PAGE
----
Upon the release of this booklet, the Los Angeles Times March 31, 1962 issue had the following graphic on the front page to describe this policy:
Second Amendment Committee.)
What does this bring to my mind? The massive wave of military base closures in the early '90s. It actually began in 1988, before the Soviet Union collapsed, and was known as Base Realignment and Closure (or BRAC).
If you're a dinosaur and believe the purpose of a standing army is to protect the nation it serves, you might wonder why we don't have forts and installations all around our borders as we used to. You might also wonder why we have over 900 military installations around the world, yet can't secure our own southern border. When you consider who makes up the bulk of these UN "peacekeeping missions", it makes you wonder who is really calling the shots.
From Publication 7277:
States would retain only those forces, non-nuclear armaments, and establishments required for the purpose of maintaining internal order; they would also support and provide agreed manpower for a U.N. Peace Force.
Abraham Lincoln once said:
I realize that military realities have changed over the years, and some of the base closures represent that fact. However, it would seem that our borders are truly unprotected and neither a Republican or Democrat president for over 50 years seems to have "given a rip about it" to quote one famous Alabaman. But are our military forces being groomed to be UN peacekeepers and not defenders of the Republic? If all the members of the UN were to reduce their armies and contribute to UN military forces, what would that mean for us? As you know, Communist China is a member of the UN; will they lend the UN their 200 million men army to squash opposition to our peaceful overlords when we cry out over the abolishment of sovereignty? The UN says they want a peaceful world, but heed the words of Brother Paul:"Shall we expect some transatlantic military giant, to step over the ocean, and crush us at a blow? Never! -- All the armies of Europe, Asia and Africa combined, with all the treasure of the earth (our own excepted) in their military chest; with a Bonaparte for a commander, could not by force, take a drink from the Ohio, or make a track on the Blue Ridge, in a trial of a Thousand years. At what point, then, is the approach of danger to be expected? I answer, if it ever reach us, it must spring up amongst us. It cannot come from abroad. If destruction be our lot, we must ourselves be its author and finisher. As a nation of freemen, we must live through all time, or die by suicide."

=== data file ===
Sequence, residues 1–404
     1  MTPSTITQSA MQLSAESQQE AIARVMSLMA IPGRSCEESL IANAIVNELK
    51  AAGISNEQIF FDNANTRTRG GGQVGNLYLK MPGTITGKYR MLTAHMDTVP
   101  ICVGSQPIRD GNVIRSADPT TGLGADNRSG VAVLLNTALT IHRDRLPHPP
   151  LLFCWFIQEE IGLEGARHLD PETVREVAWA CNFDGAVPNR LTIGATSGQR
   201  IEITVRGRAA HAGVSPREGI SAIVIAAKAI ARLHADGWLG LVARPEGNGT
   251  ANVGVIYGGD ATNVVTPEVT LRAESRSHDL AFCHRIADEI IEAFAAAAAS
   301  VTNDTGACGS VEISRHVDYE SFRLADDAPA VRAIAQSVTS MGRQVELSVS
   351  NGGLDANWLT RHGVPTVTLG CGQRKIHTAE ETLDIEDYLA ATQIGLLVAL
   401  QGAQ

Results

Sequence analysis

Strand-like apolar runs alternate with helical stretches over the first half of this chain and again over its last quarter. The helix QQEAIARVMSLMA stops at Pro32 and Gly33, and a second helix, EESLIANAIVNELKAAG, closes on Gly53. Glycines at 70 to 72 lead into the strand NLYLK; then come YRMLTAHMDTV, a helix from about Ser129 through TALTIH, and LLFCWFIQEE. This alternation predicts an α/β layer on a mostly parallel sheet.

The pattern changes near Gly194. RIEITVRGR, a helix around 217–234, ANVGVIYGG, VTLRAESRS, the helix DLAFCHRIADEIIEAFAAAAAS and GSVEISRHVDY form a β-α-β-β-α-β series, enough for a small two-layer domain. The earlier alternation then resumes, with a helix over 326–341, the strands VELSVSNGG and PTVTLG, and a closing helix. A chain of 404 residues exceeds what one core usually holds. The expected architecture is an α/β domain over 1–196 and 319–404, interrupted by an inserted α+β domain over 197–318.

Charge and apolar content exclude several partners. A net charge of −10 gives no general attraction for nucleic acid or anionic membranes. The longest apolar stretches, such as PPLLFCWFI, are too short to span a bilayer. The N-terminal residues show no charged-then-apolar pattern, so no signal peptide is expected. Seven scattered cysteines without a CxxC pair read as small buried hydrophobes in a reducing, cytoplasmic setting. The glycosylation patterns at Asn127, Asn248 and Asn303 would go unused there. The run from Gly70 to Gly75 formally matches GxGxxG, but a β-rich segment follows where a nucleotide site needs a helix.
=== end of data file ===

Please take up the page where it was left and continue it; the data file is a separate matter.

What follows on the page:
While they are saying, "Peace and safety!" then destruction will come upon them suddenly like labor pains upon a woman with child, and they will not escape.
Here is the first in a Youtube series of a lecture given by G. Edward Griffin back in 1968 entitled "The Grand Design". It gives insight into the thinking process behind State Department Publication 7277: Freedom from War.-I Thess. 5:3
John Christian Rhys has more information on the Freedom from War publication:
The federal government's war on the 2nd Amendment, blamed on Bill Clinton by most diehard right-of-center conservatives, actually began during the presidency of John F. Kennedy, shortly after the abortive Bay of Pigs fiasco. The game plan, known as State Department Publication 7277, was entitled Freedom from War: The United States Program for General and Complete Disarmament in a Peaceful World.
While most Americans today are aware of the fact that Publication 7277 called for the gradual transfer of all American military assets—men and machines—to the United Nations (which is forbidden by its charter from fielding an army), most people don't know that 7277 also detailed plans for the global disarming of private citizens as well. It would not bode well for the utopians to disarm the governments of the world and leave their people armed to the teeth.
The authors of the Kennedy plan—or rather, the Council on Foreign Relations plan since that is where the disarmament agenda was born—were CFR members Dean Rusk, Kennedy's Secretary of State, Secretary of Defense Robert McNamara and presidential advisors John McCloy and Robert Lovett. McCloy would be appointed to head the newly created US Arms Control and Disarmament Agency the following year. Lovett was offered his choice of cabinet positions in the Kennedy Administration and reportedly turned all of them down. He preferred the role of invisible advisor. In that capacity, Lovett handpicked most of those who became the inner circle of both the Kennedy and Johnson Administrations. Banning the private ownership of guns in America became the unspoken agenda of Congress even though since 1968 legislators on both sides of the aisle insisted that their intent was never to ban the private ownership of guns but simply to regulate them to make sure that guns didn't get in the hands of criminals